Hagerty.com

25 cars losing steam as summer 2019 nears

Tahend… ever been to a Barrett-Jackson in your life? As a bidder?

Didn’t think so.

1 Like

This post is a perfect representation of the envy that motivates people today. Envy of their cars, their possessions and wanting the world to cave in on them. Tell ya what! Hagertys thinks my split window isn’t worth anything any more… why don’t ya come by and you can have it for a song. Hagerty probably won’t insure the poor junker any more, though. Lol.

For those that build a car from the ground up know you have a lot more money into them than you can sell them for… not to count the busted knuckles and sweat. Thanks Hagerty for realizing that some cars are worth more than the current market selling price, thank Brian in the claims department for the fast turnaround on the Fender bender claim in April … I’m on the road again. and thanks for the key ring you gave me at the spring 2019 - Open Car Show in Galveston.

Speaking as a retired claims adjuster who has handled literally thousands of total losses, on everything from classics to Hyundais, I always found that the values given by every price guide (including the Kelley Bluebook) were high. Typically the value is for a car that has been detailed, safety checked and prepared for sale by a dealer, not a typical owner “as-is” sale. Not including Hagerty, a lot of the price guides only include #2 and #3 condition cars in their average, which skews the average high. Incidentally, contrary to what most people think high Bluebook is not based on actual retail sales but on the price car dealers pay at the wholesale auction, multiplied by a secret formula that Kelley will not reveal (or at least that’s how they did it as 15 years ago). Auto auction prices even at dealer auctions are unrealistically high on older cars because the only ones that get taken to the auction are exceptional ones. I once saw a immaculate Ford Maverick sell at a dealer auction for around $1,500, which means that the book value on the car would end up being over $2,000 at a time when they were selling in the newspaper for $800 or less.

Thanks for your input. I’ll admit we noticed during the last update that Corvette values seemed below our suggestions. This was especially noticeable for mid-year Corvettes. We will investigate C3s a bit deeper for the next edition.

1 Like

No way a 63 split window vette loosing steam…maybe other C3’s after that year.

Well said! I’ve got a ‘80 924 and a NA Miata. They’re slow and they’re staying with me forever.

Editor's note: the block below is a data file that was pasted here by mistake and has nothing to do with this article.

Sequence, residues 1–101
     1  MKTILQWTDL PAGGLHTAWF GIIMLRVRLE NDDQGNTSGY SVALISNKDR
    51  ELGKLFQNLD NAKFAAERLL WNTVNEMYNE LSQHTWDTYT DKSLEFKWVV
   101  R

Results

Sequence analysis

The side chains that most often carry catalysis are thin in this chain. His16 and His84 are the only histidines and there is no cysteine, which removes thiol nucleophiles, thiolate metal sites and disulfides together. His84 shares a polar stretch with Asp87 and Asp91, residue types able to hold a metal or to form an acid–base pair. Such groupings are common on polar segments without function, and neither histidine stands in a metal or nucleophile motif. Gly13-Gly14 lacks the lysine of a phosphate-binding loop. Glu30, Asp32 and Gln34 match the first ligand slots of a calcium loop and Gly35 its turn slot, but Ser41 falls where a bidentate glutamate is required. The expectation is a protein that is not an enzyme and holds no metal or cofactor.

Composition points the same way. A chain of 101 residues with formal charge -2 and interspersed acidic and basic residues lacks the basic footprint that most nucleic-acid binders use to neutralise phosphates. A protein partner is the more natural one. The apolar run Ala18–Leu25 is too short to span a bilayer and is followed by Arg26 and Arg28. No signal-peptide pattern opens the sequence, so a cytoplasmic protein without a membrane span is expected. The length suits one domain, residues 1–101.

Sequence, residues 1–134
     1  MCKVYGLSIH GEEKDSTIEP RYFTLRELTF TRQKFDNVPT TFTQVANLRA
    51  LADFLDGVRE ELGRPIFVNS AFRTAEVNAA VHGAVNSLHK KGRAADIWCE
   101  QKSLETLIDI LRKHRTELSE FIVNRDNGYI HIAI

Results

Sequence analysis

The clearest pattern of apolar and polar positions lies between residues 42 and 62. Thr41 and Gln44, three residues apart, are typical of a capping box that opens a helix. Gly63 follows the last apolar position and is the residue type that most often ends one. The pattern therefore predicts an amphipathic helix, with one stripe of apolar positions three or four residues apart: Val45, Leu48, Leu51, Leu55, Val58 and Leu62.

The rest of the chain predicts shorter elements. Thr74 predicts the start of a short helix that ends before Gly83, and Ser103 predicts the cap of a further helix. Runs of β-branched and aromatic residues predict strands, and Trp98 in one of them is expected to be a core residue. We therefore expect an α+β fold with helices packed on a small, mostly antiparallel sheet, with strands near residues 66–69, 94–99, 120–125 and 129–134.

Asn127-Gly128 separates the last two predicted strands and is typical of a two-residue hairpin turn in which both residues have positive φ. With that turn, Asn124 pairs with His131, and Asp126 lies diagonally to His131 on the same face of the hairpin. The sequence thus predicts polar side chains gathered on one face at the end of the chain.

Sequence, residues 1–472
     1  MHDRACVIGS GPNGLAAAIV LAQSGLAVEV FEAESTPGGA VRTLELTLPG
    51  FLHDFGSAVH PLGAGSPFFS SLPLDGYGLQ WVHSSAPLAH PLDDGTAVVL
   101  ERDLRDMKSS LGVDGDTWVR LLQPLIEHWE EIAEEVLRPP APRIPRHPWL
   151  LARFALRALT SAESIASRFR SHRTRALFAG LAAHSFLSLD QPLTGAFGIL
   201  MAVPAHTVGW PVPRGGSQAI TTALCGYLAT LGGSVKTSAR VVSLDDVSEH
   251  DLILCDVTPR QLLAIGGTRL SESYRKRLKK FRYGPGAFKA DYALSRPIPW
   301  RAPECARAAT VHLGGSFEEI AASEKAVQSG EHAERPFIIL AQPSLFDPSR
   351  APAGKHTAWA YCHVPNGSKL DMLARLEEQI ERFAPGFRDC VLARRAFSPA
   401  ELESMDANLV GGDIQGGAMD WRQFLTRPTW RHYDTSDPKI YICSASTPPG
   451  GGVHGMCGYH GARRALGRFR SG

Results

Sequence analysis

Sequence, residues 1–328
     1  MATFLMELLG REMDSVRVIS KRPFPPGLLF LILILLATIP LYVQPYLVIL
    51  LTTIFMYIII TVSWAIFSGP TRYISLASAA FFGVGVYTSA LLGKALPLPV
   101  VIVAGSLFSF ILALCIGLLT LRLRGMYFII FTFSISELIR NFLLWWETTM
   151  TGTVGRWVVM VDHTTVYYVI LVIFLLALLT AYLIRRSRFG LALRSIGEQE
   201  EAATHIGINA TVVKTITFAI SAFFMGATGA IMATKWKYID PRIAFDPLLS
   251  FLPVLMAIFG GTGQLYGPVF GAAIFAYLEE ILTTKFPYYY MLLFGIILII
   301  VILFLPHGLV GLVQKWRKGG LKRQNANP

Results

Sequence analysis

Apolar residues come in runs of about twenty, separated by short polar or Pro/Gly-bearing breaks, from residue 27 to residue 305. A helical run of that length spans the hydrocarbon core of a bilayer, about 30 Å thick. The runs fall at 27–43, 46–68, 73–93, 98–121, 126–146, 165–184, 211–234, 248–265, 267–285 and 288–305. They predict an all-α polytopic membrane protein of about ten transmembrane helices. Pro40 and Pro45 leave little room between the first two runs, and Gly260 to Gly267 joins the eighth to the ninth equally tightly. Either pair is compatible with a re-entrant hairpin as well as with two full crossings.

All I can say is I own a few classic Plymouth’s. The Hagerty valuation tool cannot give me a value on one of my Cuda’s. And the value it places on another is not even close to what I can actually get for it if I sold it in the open market. That being said it is a guide or a tool to give folks some idea on a starting point to begin a negiotion when a car is being sold. That’s all. They have guides for everything anymore. Coins, old bottles, Hummel collectibles. Gee even old pickle containers. So take it for what it is a guide. Oh. By the way I do drive my 6 figure Mopars on the road occasionally. But very carefully.

no worries…

don’t laugh but ebay has a sales section and it’s surprising what some of these c3s go for. The breadth and scope of the ebay sales section cannot be ignored. Would love for these cars to be worth more but then again, I’m not selling;)

IMG_2567.PNG

1 Like

The Hagerty folks on the phone explained (and convinced me) the option to add the coverage that allows you to keep the car instead of total it.
I wish regular car insurance companies had this option. I have had to “buy back” my car from other insurers due to extremely minor damage that the insurance company decided to total. Their offer was to give me an “equivalent” car that they found somewhere else in the country. I knew my car that I purchased new and loved and changed the oil etc. No way I would accept a car that they found that was way below Kelly Blue Book value that they claimed was equivalent.
So far, I love Hagerty!

2 Likes

I completely agree with NOSBS2T. I am someone that (due to life responsibilities) is patiently waiting for the opportunity to purchase (and knock off on my bucket list) the 924 as my entry-to-market Porsche. Hopefully it stays that way for the next little while! Done right, it’s a sleek vehicle. Done right, it can be a super smooth sleeper!

If you are the average guy and buy a car for an investment, Chances are you are going to be disappointed unless you get lucky and find a good deal. If you are a flipper you can wait and buy cars when the owner is in a financial bind and needs the money and make pretty good money most of the time. I’m not talking high dollar 6 figure cars here. I’m talking $ 20-30,000 drivers. I have mostly done well doing that and as a bonus I have gotten to own and drive cars I couldn’t afford in my youth. For some reason a lot of people don’t like flippers but I say there is room for everyone in the hobby. Price guides are a terrible way to establish what a car is worth but it is nice to know what is becoming hot and what is cooling down and that’s what I see Hagerty doing here. I appreciate it and like everything else take it with a grain of salt. Also to be honest I really don’t care about $500,000 cars What good are they for except to look at? That is a rich mans game and I find that type very, very boring. If you can’t work on and repair your own car. I’m not impressed I don’t care what it is. Just my 2 cents worth and most likely not even worth that